Thursday, November 8

Writer's Strike: Lawyers are Busy, Writers are Solid and Michael Eisner Cares?

Here's some randoms on the Writer's Guild of America Strike, Day 3:

Entertainment Lawyers can't get off the phone, according to the ABA.

Apparently no one remembers the last writer's strike, so none of the writers know what they can and can't do. The WGA told writer-directors (aka show runners) that they couldn't do any "writing services", and so far they've just gone along with it. But now that the WGA is ordering scripts turned in (so no one does any under-the-table creativity shilling) the questions are pouring into attorney's offices. Plus, the shows have to be replaced, and somebody's gotta negotiate and write up the contracts.

"Hollywood is not Flint, Mich. It's not Allentown, Pa."

The biggest issue facing the picketing writers wasn't the studios so much as the other two unions, the Director's Guild and Screen Actor's Guild, so says Tim Goodman at the SF Chronicle:

The cynical in Hollywood - and that's a town built wholly on the failed dreams of the jaded and the bitter - suggested that the agendas of the members of the three unions were, roughly in this order: "looking out for myself," "getting what's rightfully mine" and "bleep the other guys."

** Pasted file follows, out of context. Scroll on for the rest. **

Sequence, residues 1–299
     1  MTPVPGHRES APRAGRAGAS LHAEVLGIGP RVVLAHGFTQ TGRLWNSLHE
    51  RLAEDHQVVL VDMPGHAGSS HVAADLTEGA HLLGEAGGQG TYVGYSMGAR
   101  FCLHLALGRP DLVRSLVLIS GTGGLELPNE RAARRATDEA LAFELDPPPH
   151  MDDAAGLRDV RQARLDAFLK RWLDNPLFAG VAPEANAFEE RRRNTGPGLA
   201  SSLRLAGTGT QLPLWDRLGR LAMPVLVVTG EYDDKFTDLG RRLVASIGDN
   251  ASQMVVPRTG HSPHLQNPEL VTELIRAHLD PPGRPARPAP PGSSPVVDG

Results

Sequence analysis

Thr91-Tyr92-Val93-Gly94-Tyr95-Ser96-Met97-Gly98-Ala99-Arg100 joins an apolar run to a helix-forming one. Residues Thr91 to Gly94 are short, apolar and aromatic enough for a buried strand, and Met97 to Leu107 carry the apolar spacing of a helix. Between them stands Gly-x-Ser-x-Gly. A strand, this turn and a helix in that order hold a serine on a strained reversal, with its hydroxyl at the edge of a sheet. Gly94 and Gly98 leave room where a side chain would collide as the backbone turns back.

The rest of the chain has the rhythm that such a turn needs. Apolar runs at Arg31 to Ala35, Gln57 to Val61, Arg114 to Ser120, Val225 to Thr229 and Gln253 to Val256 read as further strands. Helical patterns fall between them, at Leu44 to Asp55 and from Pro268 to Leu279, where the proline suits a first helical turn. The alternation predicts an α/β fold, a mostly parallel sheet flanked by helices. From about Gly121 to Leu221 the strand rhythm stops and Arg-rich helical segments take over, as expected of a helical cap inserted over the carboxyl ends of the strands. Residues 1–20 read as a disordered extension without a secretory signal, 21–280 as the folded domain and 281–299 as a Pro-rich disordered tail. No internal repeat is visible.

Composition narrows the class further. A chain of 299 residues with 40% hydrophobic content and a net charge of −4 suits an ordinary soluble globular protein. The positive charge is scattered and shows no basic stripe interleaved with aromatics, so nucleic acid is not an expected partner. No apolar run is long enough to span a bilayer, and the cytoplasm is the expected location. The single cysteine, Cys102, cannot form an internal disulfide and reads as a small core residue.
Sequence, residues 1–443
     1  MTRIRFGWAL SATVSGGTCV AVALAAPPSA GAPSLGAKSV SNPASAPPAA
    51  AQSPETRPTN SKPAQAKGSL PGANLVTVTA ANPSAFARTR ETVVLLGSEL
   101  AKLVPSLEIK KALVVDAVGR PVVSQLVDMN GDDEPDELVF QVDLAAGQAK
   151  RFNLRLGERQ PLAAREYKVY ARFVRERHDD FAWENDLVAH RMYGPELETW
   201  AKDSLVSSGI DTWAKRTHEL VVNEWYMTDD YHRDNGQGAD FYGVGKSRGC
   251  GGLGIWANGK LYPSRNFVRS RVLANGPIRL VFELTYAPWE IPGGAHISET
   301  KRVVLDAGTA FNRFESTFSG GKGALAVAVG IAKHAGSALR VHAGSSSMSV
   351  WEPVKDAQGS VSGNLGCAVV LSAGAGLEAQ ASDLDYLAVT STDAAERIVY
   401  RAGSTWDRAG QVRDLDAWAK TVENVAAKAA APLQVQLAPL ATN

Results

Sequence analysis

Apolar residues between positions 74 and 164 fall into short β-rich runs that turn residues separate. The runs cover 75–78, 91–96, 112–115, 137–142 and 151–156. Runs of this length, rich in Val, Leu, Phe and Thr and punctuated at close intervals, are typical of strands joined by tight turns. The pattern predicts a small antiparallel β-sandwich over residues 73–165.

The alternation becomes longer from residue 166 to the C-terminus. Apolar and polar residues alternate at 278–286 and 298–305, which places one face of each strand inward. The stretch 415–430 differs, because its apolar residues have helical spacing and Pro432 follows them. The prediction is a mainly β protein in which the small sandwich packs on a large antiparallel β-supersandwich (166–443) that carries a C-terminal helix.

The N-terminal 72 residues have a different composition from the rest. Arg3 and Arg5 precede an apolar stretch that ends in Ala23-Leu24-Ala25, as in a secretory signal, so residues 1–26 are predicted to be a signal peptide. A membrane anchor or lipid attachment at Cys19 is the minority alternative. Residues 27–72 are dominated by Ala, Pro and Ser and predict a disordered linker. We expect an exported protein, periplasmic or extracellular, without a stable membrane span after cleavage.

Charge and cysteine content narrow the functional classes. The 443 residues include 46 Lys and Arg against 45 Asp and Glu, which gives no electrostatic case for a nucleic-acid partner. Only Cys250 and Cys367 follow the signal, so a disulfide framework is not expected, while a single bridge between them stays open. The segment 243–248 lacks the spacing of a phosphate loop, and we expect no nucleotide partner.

But then, as we previously mentioned, the show runners (directors and writers) joined the strike. And the stars showed up. And the "no-strike clauses" in those union contracts started to look a little thin. According to the piece, there's been an email from producer Shawn Ryan (the Shield, the Unit) "floating around" that kind of summed it up:
I obviously will not write on my shows. But I also will not edit, I will not cast, I will not look at location photos, I will not get on the phone with the network and studio, I will not prep directors, I will not review mixes. I can't in good conscience fight these bastards with one hand, while operating an Avid with the other. I am on strike and I am not working for them. PERIOD.

If you're a network exec, and you expected all these people to be working on scripts and now the people haven't shown up and the scripts are confiscated, you may be a little more willing to negotiate? Hmm? Maybe LA's more like Flint than they'll admit.

"The only real winner here is Steve Jobs. They should be striking up at Cupertino or wherever he is."

The WGA strike does have it's detracters, though. If this is going to sell, we'll need a good villain. Someone get on the phone and see if Michael Eisner's available. He is? Of course he is.

Eisner, the former Disney CEO, was speaking before some "we're all rich enough to think about money" club and said the following:
For a writer to give up today's money for a nonexistent piece of the future -- they should do it in three years, shouldn't be doing it now -- they are misguided they should not have gone on the strike. I've seen stupid strikes, I've seen less stupid strikes, and this strike is just a stupid strike.

Hmm. "Stupid" and "Less Stupid". That joke kind of sells itself. Eisner went on to say the writer's didn't put blame on the right people, faulting the networks instead of Steve Jobs and Apple. Word to the wise: Don't take your financial advice from the guy who recommended Ovitz to the Board at Disney.